SS4H-RG Smart Rain Gauge – DIY project based on ESP32 and ESPHome

In this article, I’ll show you how to build a rain sensor that not only detects when it’s raining but also tells you how heavy the rainfall is. And the best part? It’s more accurate and reliable than any online service out there.

If you have a piece of land where you’re growing anything that needs watering, this information is invaluable. For example, I’ve got a lawn and a few fruit bushes in my backyard, and watering them on a daily basis is a must during summer.

That’s where my own, local, independent-of-the-internet rain gauge comes in. It tells me exactly how much rain has fallen right where I live.

Video version

Source files

The project is totally open-source, which means you can grab it and tweak it however you please. You can snag my design, the PCB layout, the 3D model, the bill of materials, and firmware – and make it exactly as is. Or, you can use it as a jumping-off point, make changes, and whip up something totally fresh.

If you want to receive all of them put the email below – I’ll send a link to you straight away.

Where can I buy it?

If you don’t feel like building it yourself or simply don’t have the time, I invite you to visit my online store. You will find assembled, and ready-to-use device, or just the circuit board itself.


The sponsor of this project is JLCPCB. They made that beautiful board for this project. For a few bucks, and in a matter of days, you can have a professional PCB on your deck, ready to solder 🙂 And if you don’t feel up to it, they can solder all SMD components for you as well.

The schematic isn’t exactly mind-blowing, but that’s the beauty of it – it’s stripped down to only the essentials. While creating it, I followed the YAGNI (You Aren’t Gonna Need It) principle. It basically means that you should only add features when you really need them.

The ESP32 is the main computing unit, and it’s great for low power consumption in battery-powered devices.

I also added a circuit to monitor the battery level, so I can swap them out before they completely die.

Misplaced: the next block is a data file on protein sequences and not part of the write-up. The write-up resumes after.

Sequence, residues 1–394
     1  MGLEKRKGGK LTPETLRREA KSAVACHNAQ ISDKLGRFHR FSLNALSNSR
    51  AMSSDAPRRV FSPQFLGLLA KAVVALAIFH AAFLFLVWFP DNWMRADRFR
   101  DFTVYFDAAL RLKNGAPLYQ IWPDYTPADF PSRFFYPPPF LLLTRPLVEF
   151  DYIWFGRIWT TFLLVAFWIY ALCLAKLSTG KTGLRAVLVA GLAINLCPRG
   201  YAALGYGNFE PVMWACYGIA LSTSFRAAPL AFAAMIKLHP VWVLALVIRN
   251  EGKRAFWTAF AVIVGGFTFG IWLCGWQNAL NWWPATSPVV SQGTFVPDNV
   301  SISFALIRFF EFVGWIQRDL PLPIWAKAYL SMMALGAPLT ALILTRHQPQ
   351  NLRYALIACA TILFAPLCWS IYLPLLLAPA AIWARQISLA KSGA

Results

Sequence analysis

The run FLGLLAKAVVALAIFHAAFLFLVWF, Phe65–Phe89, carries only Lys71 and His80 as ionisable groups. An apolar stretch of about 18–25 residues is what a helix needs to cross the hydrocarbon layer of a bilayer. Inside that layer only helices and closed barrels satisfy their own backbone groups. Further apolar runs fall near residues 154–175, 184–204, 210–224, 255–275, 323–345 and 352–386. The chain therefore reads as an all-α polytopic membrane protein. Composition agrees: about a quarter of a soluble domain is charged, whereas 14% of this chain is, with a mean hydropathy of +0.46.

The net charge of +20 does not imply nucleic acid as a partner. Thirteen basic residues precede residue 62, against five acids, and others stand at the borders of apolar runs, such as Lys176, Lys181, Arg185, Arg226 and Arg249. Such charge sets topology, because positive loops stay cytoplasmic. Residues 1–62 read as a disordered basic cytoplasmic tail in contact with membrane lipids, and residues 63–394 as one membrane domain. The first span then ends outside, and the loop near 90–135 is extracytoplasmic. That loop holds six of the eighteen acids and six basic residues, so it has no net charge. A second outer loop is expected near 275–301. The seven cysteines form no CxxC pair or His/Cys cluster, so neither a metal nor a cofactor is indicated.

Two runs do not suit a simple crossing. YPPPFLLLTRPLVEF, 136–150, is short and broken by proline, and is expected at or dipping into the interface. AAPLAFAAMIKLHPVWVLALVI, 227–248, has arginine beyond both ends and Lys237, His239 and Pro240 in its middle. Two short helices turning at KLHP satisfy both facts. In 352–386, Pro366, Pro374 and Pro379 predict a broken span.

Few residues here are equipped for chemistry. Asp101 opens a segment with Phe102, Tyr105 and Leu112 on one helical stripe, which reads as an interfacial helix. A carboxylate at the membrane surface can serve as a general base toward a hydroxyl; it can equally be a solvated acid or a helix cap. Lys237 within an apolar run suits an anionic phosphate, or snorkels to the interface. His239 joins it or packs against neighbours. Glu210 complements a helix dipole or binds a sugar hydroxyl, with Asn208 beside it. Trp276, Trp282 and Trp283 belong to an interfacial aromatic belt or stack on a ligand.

But the real star of the show is the HALL sensor. It’s a magnetic sensor that detects rainfall. I’ll go into more detail once we get to the mechanical part of things.


I designed the PCB to be no bigger than the battery box. I wanted it to be as small as possible since it will be sealed in a container inside the housing. And I don’t want the Rain Gauge to be any bigger than it needs to be.


When it comes to component assembly, it’s easy. Start with SMD components, and then move on to THT.

However, you need to solder them on the TOP side, not on the BOTTOM as you would normally do. The reason is that we’ll later put the battery basket on the bottom, and it needs to fit snugly against the PCB. That’s why you should cut the THT components as close to the board as possible after assembly.

The Rain Gauge (as the name implies) is gonna be functioning in a damp setting. So, aside from enclosing the PCB in a reasonably airtight case, you can coat it with a waterproof varnish. I used PVB16 and it works pretty well, but you can use whatever is available locally to you.

Mechanical Part

The enclosure’s outer appearance resembles a basic cylinder topped with a funnel. This funnel connects to one of the two small containers, let’s call them “buckets.” Once a sufficient amount of water has gathered, the bucket tips over, allowing the water to flow through the holes. Consequently, the other bucket begins to collect water.
And that’s how it will continue swinging back and forth repeatedly…

How does a rain gauge work?

Since a picture is worth a thousand words, a short animation consisting of a dozen or so images should fully explain how it works.